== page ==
How to recognize early warning signs of an emotional disorder –

  • unusual decrease in energy and activity level or listlessness
  • unusual restlessness and excessive worrying;
  • having trouble relaxing or sleeping;
  • severe anxiety or panic attacks
  • change in eating patterns;
  • easily startled and feeling as-if “on the edge” daily for most of the day;
  • constant complaining or blaming others without any reason with increased irritability and anger outbursts;
  • crying frequently;
  • recurrent unexplained headaches and other bodily pains,
  • increased use of alcohol, nicotine or other drugs;
  • excessive introversion or rebellious behaviors in children
  • some signs of anxiety in children may include bedwetting, thumb sucking, worsening of tics and hyperactivity

Tips to handle stress during period of social distancing:

1. BE REGULAR – Develop a daily routine

2. EAT small, regular, well-balanced meals. Avoid over-eating or fasting for long periods.

3. SLEEP – Get plenty of sleep, at least 8 hours per day

4. AVOID excessive use of nervous system stimulants like caffeine. Strictly avoid nicotine, alcohol and other addictive drugs which can lead to symptoms of withdrawal or unpleasant cravings.

5. WORK – Schedule a regular work pattern for office (if working from home)

6. SCHEDULE HOUSEHOLD TASKS – This can be shared with other family members too, if possible. This can lead to increased family bonding. But then the work needs to be done as fun activity or shared activity, rather than a burdensome task!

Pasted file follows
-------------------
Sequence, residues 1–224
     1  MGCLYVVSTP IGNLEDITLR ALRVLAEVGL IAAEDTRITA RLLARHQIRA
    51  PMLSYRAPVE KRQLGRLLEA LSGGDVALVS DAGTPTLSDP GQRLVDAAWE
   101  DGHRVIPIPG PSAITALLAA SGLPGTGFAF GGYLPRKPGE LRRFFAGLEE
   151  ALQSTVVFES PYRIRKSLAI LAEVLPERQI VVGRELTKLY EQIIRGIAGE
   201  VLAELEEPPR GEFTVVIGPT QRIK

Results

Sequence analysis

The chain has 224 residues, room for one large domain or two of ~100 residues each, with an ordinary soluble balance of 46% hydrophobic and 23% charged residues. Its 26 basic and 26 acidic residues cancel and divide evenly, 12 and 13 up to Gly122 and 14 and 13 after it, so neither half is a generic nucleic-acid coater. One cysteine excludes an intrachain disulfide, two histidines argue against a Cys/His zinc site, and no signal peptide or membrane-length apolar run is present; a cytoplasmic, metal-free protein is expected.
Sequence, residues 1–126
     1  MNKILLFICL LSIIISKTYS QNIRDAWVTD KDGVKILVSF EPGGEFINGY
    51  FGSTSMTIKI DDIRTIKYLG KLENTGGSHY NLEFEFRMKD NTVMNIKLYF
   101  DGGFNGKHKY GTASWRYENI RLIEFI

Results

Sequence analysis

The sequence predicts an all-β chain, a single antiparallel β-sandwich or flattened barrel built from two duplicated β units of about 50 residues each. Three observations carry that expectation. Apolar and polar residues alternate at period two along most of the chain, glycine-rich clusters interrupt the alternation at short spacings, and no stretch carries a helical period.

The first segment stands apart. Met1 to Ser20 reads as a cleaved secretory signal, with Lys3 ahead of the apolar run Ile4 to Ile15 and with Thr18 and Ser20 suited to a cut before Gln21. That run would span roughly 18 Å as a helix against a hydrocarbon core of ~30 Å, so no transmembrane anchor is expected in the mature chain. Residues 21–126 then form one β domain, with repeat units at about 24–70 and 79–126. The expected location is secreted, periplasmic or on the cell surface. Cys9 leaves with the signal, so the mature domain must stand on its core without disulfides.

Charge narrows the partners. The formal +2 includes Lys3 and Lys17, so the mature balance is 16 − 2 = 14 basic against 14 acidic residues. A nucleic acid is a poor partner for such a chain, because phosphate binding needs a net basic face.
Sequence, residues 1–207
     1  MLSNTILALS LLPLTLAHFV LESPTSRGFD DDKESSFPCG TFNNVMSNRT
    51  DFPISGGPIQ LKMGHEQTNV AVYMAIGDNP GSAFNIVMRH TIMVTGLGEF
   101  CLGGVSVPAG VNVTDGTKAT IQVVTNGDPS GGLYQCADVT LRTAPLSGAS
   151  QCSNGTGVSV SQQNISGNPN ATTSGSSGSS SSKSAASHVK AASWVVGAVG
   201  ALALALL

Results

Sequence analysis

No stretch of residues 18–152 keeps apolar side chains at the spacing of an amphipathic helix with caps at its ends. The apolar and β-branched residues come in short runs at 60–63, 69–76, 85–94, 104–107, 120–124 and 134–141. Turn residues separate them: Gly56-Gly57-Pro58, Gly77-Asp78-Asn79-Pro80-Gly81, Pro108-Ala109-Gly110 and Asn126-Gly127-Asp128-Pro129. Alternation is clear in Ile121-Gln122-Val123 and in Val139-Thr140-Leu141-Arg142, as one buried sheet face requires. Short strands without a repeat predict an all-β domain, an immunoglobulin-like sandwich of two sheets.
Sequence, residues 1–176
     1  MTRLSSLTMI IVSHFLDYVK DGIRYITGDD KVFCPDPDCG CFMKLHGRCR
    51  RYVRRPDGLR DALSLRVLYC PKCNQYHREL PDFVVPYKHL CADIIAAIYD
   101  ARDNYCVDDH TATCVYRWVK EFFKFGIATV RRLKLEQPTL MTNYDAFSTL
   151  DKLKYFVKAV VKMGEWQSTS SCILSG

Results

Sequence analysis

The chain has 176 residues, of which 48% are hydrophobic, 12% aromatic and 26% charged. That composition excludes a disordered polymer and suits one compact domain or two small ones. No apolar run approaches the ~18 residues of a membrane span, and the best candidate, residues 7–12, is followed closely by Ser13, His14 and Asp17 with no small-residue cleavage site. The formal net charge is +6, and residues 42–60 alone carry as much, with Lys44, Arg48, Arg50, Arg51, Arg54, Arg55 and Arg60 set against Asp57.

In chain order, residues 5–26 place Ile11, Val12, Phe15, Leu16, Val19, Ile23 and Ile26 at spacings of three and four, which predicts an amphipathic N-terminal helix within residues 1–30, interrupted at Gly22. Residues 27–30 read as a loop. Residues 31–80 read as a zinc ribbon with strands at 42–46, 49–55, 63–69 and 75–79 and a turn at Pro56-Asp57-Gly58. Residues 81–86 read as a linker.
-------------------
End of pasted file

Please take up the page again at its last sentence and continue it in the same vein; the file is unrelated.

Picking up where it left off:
7. EXERCISE – Have a daily indoor exercise schedule, e.g. like skipping and on-the-spot jogging, sit-ups and push-ups. Even dance is good form of exercise. Yogic exercises are one of the best forms of indoor exercises. You may involve other family members too in your exercise routines. This too can lead to increased family bonding.

8. UNWIND – Do something fun after your daily tasksare over. Read your favorite book, listen to music or play your favorite indoor game. Practice deep breathing, stretching and relaxation exercises. For those having a tub at home, have a warm relaxing bath with aromatic essential oils.

9. DEVELOP A HOBBY – Learn something new – a language or a musical instrument or even how to type fast and accurately on a computer keyboard using both hands!

10. CONNECT WITH OTHERS – Share something positive or humor (jokes, poetry, funny stories, etc.) with your friends and family. Try to avoid sharing negative views and news. Social and news media are already filled that! If necessary, only occasionally you may share only the confirmed news and facts. Show empathy towards those who may be affected.